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In a clip from a stunning new AI-manipulated video, President Nixon delivers a somber speech he never gave in real life, appearing to eulogize American astronauts left on the moon to die.

Why it matters: The video simultaneously shows the dangerous power of deepfake technology that can put words into the mouths of powerful leaders — and its potential to expand the boundaries of art.

What's happening: The video explores an alternate reality in which the Apollo 11 lander failed, stranding astronauts Neil Armstrong and Buzz Aldrin on the moon.

  • In it, Nixon read the now-famous words that were written for him in 1969, but that he never said on TV: "Fate has ordained that the men who went to the moon to explore in peace will stay on the moon to rest in peace."
  • The two-minute excerpt above comes from a six-minute video that debuted last week at the International Film Festival Amsterdam. There, participants sat in a 1960s-era living room and watched the president deliver the ghost speech on TV.

How it works: Researchers at the MIT Center for Advanced Virtuality recorded clips from a voice actor impersonating Nixon and produced AI-generated speech using technology from Respeecher, a Ukrainian company. The deepfake video, in which the president's mouth and face moves in perfect sync with the synthetic audio, was created by Israel's Canny AI.

What they're saying: “We hope that our work will spark critical awareness among the public," said Francesca Panetta, the project's director. "We want them to be alert to what is possible with today’s technology, to explore their own susceptibility, and to be ready to question what they see and hear as we enter a future fraught with challenges over the question of truth.”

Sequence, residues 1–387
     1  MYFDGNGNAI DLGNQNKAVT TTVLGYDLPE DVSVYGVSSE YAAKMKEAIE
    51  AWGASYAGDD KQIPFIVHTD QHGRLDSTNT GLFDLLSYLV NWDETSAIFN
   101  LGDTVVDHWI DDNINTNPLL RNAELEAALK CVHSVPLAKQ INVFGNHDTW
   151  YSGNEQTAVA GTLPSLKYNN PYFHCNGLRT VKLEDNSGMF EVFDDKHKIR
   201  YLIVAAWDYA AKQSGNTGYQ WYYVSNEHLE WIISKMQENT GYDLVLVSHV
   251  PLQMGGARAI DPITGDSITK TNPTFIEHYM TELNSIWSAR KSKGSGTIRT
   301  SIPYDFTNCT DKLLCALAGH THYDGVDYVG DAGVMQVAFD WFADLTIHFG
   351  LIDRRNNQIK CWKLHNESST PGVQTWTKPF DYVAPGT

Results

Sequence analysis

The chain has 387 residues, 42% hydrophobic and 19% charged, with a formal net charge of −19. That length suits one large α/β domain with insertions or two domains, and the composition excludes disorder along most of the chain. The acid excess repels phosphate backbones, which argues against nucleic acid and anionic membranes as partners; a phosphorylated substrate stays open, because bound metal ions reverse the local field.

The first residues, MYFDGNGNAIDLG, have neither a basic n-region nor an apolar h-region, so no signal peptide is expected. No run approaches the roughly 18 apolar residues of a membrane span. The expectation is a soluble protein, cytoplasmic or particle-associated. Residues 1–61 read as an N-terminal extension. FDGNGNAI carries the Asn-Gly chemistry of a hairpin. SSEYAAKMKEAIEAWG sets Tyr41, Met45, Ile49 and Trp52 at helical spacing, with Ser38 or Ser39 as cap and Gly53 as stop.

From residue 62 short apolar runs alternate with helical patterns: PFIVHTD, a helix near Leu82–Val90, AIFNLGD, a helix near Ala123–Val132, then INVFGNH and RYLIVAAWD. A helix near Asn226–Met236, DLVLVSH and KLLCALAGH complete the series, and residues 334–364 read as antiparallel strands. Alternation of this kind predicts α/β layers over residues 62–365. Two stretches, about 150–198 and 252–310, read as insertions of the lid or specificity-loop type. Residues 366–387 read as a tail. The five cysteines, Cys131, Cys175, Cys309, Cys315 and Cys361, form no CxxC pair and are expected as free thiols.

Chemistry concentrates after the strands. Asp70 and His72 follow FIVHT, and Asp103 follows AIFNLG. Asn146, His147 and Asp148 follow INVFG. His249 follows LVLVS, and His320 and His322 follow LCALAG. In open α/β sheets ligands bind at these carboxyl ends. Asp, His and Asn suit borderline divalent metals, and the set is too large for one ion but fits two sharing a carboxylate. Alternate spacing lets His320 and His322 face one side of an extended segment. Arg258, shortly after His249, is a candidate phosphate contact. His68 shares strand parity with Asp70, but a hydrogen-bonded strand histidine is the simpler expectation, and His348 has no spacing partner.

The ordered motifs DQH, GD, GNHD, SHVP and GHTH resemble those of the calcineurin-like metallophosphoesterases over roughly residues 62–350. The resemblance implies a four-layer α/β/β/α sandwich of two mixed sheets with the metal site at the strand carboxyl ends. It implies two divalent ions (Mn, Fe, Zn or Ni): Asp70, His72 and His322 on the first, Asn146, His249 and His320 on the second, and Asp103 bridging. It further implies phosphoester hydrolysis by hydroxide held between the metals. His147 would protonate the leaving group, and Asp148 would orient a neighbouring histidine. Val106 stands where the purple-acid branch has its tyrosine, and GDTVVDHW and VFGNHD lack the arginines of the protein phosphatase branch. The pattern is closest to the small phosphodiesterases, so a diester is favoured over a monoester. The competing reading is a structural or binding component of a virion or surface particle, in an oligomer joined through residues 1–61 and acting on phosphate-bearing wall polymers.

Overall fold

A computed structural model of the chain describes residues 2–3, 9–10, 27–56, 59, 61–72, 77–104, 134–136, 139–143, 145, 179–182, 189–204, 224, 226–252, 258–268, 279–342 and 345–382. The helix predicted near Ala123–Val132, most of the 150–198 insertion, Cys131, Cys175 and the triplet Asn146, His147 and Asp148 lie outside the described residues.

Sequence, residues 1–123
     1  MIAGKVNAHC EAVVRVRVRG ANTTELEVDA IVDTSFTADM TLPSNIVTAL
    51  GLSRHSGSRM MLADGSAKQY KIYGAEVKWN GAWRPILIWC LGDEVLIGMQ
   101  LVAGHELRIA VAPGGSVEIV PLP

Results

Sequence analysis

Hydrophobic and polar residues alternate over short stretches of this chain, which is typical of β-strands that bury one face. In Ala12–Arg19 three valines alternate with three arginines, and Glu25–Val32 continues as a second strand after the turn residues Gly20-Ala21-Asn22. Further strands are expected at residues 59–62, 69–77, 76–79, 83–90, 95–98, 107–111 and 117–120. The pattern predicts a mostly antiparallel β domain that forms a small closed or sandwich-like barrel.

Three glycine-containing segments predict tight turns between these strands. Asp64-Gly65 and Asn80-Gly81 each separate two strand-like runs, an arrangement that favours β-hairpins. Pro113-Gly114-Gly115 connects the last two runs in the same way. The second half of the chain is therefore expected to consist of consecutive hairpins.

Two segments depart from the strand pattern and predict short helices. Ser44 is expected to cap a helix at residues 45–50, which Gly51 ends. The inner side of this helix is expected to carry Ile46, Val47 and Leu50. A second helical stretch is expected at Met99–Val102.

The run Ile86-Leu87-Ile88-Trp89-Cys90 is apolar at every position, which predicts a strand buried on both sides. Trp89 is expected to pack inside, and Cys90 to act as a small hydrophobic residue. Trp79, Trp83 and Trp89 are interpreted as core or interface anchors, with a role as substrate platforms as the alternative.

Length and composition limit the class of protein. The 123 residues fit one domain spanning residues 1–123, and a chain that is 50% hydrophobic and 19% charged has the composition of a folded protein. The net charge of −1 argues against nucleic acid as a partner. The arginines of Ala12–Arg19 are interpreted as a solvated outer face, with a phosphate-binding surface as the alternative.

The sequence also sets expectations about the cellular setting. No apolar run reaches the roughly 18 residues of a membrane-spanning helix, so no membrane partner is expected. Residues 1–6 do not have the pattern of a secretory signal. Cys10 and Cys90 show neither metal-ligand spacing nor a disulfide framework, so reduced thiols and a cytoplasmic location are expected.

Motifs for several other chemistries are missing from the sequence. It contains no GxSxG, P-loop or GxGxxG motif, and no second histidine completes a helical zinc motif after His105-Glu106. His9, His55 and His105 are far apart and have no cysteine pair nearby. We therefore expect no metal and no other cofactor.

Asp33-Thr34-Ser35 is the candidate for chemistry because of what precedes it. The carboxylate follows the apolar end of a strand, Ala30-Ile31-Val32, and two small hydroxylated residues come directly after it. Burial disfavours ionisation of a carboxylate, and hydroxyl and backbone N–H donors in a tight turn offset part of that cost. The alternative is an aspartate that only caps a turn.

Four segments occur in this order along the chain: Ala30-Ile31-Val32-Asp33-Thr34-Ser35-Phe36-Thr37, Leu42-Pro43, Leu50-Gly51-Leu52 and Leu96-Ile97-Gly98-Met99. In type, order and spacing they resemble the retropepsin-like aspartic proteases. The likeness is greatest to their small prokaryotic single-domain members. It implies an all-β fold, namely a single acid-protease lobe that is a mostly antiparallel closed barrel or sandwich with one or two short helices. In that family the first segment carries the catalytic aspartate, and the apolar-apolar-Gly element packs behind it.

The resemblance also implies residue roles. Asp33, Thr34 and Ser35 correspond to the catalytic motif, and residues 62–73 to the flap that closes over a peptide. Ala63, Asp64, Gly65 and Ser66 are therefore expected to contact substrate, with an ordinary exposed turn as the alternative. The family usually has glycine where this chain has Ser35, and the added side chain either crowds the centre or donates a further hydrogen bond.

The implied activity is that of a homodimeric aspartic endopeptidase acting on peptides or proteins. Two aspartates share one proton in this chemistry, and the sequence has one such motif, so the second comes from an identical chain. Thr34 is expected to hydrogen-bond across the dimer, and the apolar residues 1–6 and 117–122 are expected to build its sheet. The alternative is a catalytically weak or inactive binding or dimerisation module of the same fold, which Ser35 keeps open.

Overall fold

Go deeper: A group of companies are trying to deploy deepfakes as a force for good

Go deeper

Biden administration unveils 3-pronged plan to combat domestic extremism

Photo: Alex Wong/Getty Images

White House press secretary Jen Psaki announced at a briefing on Friday that the Biden administration will roll out a three-pronged, interagency plan to assess and combat the threat posed by domestic violence extremism.

Why it matters: The federal government's approach to domestic extremism has come under scrutiny in the wake of the Jan. 6 attacks on the Capitol by a pro-Trump mob. In his inaugural address, Biden repudiated political extremism, white supremacy and domestic terrorism, vowing to defeat them.

Senate confirms retired Gen. Lloyd Austin as defense secretary

Photo: Greg Nash-Pool/Getty Images

The Senate voted 93-2 on Friday to confirm retired Gen. Lloyd Austin as secretary of defense. Sens. Mike Lee (R-Utah) and Josh Hawley (R-Mo.) were the sole "no" votes.

Why it matters: Austin is the first Black American to lead the Pentagon and President Biden's second Cabinet nominee to be confirmed.